Gustav spares New Orleans

New Orleans escaped catastrophic damage from Hurricane Gustav, but Louisianans face a long and difficult cleanup.

New Orleans this week escaped catastrophic damage from Hurricane Gustav, but the 2 million Louisianans who fled the storm in the largest evacuation in U.S. history face a long and difficult cleanup. Oil rigs in the Gulf of Mexico were largely unscathed—good news for the nation’s oil supply—but the storm was blamed for at least 10 deaths. More than half of the state’s residents—1.4 million households—were without electricity, and officials warned it could take weeks to restore power. Coastal roads were blocked by debris scattered by the storm’s 110-mph winds, slowing residents’ return. “We’re tired, we’re hungry, we’re out of money, and we want to take a bath,” said New Orleans resident Merlene Demourelle.

The city’s battered levees could face further strain this week. Tropical Storm Hanna was over the Caribbean as The Week went to press, and was expected to strengthen into a hurricane and make landfall between Florida and South Carolina late this week. Two other storms, Ike and Josephine, were moving westward across the Atlantic and could strike the U.S. next week.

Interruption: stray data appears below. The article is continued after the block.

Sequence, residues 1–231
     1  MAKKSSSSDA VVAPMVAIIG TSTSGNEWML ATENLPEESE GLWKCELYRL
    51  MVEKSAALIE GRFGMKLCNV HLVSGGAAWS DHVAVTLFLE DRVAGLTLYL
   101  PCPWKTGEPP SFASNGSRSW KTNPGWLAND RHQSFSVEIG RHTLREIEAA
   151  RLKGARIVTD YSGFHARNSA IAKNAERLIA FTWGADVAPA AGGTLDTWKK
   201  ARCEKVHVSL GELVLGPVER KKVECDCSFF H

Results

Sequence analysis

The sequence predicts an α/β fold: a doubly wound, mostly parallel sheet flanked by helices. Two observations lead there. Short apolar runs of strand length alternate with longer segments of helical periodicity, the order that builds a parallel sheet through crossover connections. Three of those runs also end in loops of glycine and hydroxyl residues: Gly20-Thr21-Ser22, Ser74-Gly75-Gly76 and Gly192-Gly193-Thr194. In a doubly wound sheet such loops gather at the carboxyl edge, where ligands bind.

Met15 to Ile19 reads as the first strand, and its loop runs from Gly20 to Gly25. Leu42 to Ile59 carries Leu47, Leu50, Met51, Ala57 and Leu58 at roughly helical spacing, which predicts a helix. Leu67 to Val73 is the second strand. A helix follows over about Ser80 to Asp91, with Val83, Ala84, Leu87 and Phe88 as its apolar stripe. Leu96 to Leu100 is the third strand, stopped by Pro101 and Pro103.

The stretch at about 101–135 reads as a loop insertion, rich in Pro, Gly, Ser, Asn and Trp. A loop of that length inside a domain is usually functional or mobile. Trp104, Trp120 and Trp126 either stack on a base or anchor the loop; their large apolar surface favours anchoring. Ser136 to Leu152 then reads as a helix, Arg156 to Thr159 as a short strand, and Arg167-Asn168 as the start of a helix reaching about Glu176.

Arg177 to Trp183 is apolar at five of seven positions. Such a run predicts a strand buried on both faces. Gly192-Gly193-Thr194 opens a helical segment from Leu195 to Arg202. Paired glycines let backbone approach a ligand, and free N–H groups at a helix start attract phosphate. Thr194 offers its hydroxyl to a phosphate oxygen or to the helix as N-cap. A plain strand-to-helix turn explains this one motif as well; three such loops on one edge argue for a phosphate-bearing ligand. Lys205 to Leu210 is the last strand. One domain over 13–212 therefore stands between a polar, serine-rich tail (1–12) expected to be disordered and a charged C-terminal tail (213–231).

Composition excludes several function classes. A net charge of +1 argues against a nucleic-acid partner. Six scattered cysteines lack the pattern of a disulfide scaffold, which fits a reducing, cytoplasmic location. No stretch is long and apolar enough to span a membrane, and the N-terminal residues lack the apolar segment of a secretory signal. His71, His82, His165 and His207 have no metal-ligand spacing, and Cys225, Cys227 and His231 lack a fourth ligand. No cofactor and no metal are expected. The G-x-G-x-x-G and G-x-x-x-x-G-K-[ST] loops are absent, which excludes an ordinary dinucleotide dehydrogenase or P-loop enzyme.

Those responsible for protecting New Orleans still haven’t learned the lessons of Katrina, said USA Today in an editorial. Not only were the levees not fully repaired, but thanks to cheap flood insurance, people have been rebuilding in the most vulnerable parts of the city. Everyone is avoiding the difficult question of whether New Orleans should even try “to re-create all its neighborhoods” and instead “reinvent itself as a slimmed-down city where some low-lying areas are given up to parks or marshes.”

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That’s not the only tough question being avoided, said Joseph Romm in Global warming is playing havoc with the planet’s weather patterns, and while it does not appear that climate change directly causes hurricanes, scientists say it “makes any particular hurricane stronger.” Many of my fellow environmentalists worry about looking as if they are exploiting a tragedy for political gain, but facts are facts: Emissions of greenhouse gasses have been linked to “extreme weather.”

At least the people of New Orleans have learned from bitter experience, said Jarvis DeBerry in the New Orleans Times-Picayune. As Gustav “churned in the Caribbean,” the people showed “a proper sense of danger and concern” and hustled out of town. Yet as they fled, many took time to applaud a kid who stood by the road and serenaded them on his tuba. Scenes like that remind us why New Orleans is worth saving.

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